He hailed him a ghazi, too, wanted him pardoned and proclaimed a hero for the faith and dared the state to hold him guilty. The government stood firm.
Qadri was hanged at Rawalpindi’s Adiala jail on February 29, 2016.
Rizvi led angry protests. His comrade and co-founder of his organisation, Tehreek-e-Labbaik Ya Rasooul Allah, Muhammad Afzal Qadri, also issued a call to kill all three supreme court judges who upheld that sentence.
They could be killed, he suggested, by their security guards, drivers, or even cooks. Fortunately, nobody took his advice.
Rizvi’s star was now rising.
As he grew in popularity among a rapidly rising population of angry, young, illiterate, unemployed men, especially in Punjab and parts of Sindh to its south, he was soon proclaimed an ‘Allama’ (a great scholar of the faith), a title he carried to his death.
He hit the pinnacle of his power the very next year.
Mian Nawaz Sharif was in power.
The Pakistan army, which treated Rizvi as their own as much as Imran Khan, would’ve been quite happy now to see the cleric lay siege on Islamabad, the first of many.
The provocation was an apparently malevolent ‘amendment to the nomination form that a Muslim candidate has to sign while contesting election in Pakistan.
It has a clause stating an unqualified and total commitment to the concept of Khatm-e-Naboowat, meaning that you accept that Mohammed was the last Prophet, there can be no successor and you do not follow anybody else’s teachings.
The nuance is that this would keep the Ahmadiyyas out.
In the new nomination form, the clause was mentioned as a ‘declaration’ instead of ‘oath’ as in the past.
This, Rizvi said, was a conspiracy against Islam and its Holy Prophet.
The government said it was a clerical error.
He wanted the language restored and the law minister, retired Justice Zahid Hamid, fired.
He got both, and proclaimed victory.
The legend of Allama Khadim Rizvi was born.
He was back in 2018.
Now it was over the Supreme Court pronouncing Aasia Bibi not guilty and acquitting her. He called it a sacrilegious outrage and again laid siege.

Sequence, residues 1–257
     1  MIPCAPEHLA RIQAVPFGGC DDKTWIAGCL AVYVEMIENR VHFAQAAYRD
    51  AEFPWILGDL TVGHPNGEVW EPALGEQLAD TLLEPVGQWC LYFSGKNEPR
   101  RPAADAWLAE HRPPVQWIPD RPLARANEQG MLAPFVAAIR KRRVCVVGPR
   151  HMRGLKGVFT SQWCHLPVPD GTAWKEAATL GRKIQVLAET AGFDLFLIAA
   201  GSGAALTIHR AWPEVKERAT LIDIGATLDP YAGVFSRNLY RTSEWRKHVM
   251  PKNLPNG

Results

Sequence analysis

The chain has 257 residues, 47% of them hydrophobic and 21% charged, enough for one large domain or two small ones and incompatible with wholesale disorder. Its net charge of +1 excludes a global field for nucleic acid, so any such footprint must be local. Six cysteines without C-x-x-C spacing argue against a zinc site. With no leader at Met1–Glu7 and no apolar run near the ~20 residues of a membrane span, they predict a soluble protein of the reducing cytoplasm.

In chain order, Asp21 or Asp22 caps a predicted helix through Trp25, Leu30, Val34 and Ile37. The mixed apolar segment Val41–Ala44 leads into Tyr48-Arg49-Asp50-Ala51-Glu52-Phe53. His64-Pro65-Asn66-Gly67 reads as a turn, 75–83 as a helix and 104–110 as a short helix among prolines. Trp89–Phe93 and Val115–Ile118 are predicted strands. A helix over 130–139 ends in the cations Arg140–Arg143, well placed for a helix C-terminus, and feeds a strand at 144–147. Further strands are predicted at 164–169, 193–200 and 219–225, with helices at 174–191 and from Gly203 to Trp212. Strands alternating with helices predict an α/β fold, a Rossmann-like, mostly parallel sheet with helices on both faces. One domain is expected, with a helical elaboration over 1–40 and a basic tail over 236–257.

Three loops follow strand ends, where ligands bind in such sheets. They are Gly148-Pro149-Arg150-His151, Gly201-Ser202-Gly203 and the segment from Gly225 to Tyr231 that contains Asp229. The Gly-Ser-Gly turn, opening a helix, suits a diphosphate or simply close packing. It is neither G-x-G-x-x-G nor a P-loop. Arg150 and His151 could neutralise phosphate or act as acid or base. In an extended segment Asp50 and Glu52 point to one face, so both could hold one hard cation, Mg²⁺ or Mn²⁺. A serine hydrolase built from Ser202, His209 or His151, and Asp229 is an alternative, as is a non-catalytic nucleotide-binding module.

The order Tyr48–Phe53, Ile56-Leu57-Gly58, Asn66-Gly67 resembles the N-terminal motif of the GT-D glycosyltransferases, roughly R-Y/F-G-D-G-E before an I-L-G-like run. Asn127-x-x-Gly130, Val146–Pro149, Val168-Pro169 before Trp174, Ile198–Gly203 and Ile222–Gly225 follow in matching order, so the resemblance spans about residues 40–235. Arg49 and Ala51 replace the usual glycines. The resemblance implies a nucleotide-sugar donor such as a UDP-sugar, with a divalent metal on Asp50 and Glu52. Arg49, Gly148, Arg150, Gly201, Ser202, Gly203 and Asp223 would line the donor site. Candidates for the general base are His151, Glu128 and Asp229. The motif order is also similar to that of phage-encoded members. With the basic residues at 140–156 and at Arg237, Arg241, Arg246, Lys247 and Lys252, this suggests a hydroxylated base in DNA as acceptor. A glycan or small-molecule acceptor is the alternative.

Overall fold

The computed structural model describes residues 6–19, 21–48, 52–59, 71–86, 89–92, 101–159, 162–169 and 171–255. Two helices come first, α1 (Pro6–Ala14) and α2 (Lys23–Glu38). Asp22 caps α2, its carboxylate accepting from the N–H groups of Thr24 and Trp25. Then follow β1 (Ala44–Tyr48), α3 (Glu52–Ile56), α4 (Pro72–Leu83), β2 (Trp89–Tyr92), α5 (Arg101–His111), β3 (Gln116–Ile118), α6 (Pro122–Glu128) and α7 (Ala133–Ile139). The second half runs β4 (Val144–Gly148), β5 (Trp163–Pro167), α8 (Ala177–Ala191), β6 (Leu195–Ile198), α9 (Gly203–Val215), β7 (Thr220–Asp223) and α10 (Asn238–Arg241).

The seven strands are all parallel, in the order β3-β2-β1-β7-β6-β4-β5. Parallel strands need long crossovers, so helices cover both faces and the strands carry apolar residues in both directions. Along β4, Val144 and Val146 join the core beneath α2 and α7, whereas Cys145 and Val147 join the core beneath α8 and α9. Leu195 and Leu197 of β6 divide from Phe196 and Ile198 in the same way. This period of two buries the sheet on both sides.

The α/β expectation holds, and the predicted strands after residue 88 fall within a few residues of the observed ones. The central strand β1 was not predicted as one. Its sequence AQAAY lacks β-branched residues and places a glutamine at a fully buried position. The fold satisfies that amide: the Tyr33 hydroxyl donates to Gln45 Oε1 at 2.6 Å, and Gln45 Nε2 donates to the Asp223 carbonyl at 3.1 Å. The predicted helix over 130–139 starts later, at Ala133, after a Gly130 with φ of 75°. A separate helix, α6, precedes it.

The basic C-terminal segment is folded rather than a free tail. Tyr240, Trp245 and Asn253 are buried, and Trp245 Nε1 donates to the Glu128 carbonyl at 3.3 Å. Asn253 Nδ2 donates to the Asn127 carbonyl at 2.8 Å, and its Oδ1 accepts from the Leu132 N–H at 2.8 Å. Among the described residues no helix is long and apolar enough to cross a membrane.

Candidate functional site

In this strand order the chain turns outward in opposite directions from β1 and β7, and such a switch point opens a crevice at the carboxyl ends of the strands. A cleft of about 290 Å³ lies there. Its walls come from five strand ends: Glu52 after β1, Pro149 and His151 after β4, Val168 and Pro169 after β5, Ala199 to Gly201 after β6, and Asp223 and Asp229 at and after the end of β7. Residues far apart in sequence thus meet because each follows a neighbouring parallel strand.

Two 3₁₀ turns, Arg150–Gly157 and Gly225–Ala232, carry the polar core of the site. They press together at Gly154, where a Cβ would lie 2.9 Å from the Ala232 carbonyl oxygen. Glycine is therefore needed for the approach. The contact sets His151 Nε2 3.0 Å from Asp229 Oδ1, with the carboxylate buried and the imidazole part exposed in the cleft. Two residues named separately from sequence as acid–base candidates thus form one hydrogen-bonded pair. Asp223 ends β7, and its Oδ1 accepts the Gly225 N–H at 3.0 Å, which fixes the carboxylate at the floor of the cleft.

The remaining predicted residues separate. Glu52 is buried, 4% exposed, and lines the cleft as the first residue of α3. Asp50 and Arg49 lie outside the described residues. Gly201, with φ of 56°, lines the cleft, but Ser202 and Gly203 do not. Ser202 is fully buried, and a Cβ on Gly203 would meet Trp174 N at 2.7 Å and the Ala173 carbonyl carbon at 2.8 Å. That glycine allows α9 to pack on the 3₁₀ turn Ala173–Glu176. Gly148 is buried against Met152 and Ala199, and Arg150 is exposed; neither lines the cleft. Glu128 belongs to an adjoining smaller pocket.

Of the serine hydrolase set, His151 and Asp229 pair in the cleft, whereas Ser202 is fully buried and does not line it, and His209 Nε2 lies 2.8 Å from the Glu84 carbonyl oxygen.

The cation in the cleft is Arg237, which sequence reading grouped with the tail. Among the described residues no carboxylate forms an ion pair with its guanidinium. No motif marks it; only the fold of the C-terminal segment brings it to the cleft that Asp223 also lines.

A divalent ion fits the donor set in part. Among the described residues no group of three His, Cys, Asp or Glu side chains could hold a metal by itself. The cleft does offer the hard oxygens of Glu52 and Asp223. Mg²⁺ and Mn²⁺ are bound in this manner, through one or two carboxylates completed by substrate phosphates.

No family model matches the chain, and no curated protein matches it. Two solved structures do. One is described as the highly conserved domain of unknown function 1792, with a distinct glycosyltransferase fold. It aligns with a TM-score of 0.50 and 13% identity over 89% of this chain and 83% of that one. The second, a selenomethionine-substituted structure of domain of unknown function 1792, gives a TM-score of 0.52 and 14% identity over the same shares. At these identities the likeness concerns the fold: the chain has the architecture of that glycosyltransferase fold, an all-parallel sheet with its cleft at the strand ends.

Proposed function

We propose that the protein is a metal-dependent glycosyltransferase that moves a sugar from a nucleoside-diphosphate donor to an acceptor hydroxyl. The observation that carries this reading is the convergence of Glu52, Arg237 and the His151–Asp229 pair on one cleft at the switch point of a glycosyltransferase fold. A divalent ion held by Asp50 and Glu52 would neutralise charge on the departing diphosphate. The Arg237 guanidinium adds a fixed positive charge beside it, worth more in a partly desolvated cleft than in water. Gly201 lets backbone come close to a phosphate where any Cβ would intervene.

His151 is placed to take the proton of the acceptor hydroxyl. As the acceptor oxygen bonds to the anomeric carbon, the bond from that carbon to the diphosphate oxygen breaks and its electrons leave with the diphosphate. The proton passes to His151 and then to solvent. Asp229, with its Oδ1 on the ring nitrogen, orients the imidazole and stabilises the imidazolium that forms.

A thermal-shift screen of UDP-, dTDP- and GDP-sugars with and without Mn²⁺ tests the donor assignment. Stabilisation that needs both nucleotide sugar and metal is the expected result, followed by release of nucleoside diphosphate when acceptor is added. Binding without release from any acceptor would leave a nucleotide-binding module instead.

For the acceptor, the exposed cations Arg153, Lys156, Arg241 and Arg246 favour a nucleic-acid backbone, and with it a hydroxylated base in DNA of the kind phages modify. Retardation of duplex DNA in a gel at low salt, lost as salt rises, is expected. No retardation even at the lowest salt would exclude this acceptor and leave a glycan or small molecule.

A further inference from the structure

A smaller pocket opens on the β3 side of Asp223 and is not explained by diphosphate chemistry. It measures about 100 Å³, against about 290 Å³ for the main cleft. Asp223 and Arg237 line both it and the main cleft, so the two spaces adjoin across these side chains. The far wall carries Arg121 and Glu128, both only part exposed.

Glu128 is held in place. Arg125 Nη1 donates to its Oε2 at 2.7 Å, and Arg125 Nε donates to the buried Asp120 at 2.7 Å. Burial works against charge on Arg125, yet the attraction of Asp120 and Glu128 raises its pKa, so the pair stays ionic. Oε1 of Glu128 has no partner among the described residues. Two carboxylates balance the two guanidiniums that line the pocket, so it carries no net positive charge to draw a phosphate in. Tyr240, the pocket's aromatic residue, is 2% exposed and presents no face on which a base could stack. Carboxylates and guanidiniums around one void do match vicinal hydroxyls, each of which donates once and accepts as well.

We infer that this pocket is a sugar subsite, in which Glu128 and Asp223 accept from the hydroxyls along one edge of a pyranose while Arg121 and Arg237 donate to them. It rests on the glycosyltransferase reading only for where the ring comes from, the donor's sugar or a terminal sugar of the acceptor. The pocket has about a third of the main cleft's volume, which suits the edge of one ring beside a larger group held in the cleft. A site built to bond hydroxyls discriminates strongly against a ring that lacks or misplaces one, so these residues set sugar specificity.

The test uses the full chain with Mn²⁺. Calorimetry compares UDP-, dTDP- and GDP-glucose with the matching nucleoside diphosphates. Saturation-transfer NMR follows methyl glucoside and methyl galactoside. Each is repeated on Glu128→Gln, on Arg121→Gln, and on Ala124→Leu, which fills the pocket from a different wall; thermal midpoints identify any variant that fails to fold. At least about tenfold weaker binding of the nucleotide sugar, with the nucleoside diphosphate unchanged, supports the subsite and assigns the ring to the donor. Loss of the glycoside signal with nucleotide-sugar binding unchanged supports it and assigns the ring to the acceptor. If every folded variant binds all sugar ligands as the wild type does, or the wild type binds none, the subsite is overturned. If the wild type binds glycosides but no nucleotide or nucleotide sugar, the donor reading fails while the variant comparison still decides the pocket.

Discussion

By this time, the establishment was in a bind.
It wasn’t easy to keep holding on to a poor Christian woman after she’d been acquitted, and when her case had acquired much prominence in the Western world.
At one point, she was stealthily taken to the Pakistan air force base in Rawalpindi named after Air Marshal Nur Khan (PAF chief during the 1965 War) and then flown out on a chartered plane to The Netherlands for asylum.
Rizvi hit more headlines, like getting a film called Zindagi Tamasha banned on grounds of blasphemy.
Apparently, it contained some criticism of the Ulema and also insinuated that “bachcha bazi” (child sexual abuse) was rampant in those circles.
A few college and university teachers were also assassinated or injured by young students on charges of blasphemy in Rizvi’s organisation’s name.
But he denied any connection.
Rizvi had by now transformed his organisation into a formal political party: Tehreek-e-Labbaik Pakistan.
His vote counts were rising although not enough to win many seats.
This is the other remarkable thing about Pakistan.
That religious parties have great street power but are never able to impress voters.
In his case though, the challenge was more complex.
Because Imran Khan too was running his party and politics mostly in the name of conservative Islam.
Play his 2019 speech at the UN general assembly.
How passionately he reminds the (Western) world that it must desist from anything that Muslims see as ‘maligning our Holy Prophet…it hurts us’! He was reading the blasphemy law to the world in English.
Rizvi was saying the same thing in Punjabi.
For the voter, there was insufficient product differentiation.
Rizvi is now gone.
But the mass appeal of fundamentalism among a burgeoning, young, illiterate, unemployed and angry population isn’t.
Nor is the establishment’s need for such convenient instruments about to disappear.
They will find another Rizvi, or maybe more, going ahead.
Meanwhile, like most conspiracy theories in Pakistan, one about his sudden death might also endure.